Several years ago (about 2002?) I was given the assignment of writing a systems engineering document related to spacecraft initilaization for a NASA project. The contract required that we write the document "to a level four specification." I spent more time than I should have trying to find: a definition of level four (or any level); a level three document to base the new work on, or; anyone who knew what the customer wanted. No luck.
That program still has not flown, but since that time I've done enough research to learn that there is no such definition. So in 2006, so as to avoid this problem in the future, I initiated a standard development effort on spacecraft initialization and commissioning. Last week our standards project team in ISO, Technical Committee 20, Subcommittee 14, Working Group two, submitted resolution to ISO (Geneva) on comments to the final Committee Draft. We should see a new standard (actually three documents) on Spacecraft Initialization and Commissioning published within six to nine months.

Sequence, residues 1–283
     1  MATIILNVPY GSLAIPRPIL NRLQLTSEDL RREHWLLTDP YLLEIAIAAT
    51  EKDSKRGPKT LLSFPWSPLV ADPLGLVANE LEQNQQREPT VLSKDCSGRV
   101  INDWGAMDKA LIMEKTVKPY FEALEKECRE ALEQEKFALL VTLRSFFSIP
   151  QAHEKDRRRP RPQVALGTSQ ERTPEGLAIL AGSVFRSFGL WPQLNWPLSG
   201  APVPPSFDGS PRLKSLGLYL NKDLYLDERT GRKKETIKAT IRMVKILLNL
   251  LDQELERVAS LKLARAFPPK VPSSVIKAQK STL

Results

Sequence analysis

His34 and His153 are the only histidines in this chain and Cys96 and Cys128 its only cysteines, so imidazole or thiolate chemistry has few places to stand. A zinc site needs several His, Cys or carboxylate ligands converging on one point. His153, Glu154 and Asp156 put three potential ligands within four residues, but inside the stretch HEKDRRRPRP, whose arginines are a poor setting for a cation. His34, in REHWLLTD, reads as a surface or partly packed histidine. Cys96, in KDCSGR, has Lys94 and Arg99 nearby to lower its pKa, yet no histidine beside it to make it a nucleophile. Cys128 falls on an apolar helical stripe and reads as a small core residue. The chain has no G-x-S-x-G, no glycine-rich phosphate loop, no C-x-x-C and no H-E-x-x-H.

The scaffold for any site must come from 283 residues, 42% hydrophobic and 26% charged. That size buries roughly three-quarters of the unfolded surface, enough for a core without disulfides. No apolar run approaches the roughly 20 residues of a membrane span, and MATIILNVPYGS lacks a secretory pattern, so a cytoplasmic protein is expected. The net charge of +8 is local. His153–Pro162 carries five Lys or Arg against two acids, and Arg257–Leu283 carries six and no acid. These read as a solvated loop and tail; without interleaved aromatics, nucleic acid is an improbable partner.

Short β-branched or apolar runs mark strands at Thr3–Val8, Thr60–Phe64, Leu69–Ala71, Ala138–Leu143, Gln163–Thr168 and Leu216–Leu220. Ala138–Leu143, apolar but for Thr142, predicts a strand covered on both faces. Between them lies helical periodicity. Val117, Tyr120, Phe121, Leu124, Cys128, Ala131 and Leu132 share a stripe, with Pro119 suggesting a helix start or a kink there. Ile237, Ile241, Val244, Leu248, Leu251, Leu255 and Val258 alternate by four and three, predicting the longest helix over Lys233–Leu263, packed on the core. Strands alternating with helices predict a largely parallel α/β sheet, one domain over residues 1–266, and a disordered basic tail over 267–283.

This is an example of part of the reason we need a good standards base for the space industry. Too many engineers, scientists and managers need to get work done for their projects to move along, but they do not have sufficient experience to clearly state what needs to be done. They are not delegating technical tasks effectively. And no wonder, if it takes over a decade to fly a single space project.
If you are working on a project and you find yourself stymied by the task definition you are assigned, do you look at which standards may exist to help you? Working from a standard basis is the surest way to deliver a credible product. If there are no standards, does it make sense that writing down the basics of what you did may save you, or a co-worker, some time in the future? And that you can save your customer time and money on future projects!
When (not "if") you find yourself in need on standards development for space systems or services, contact us at the Space Infrastructure Foundation. You can get me at firstname.lastname@example.org.
Unless otherwise noted, the blog posts are written by Frederick A. Slane, Executive Director of the Space Infrastructure Foundation.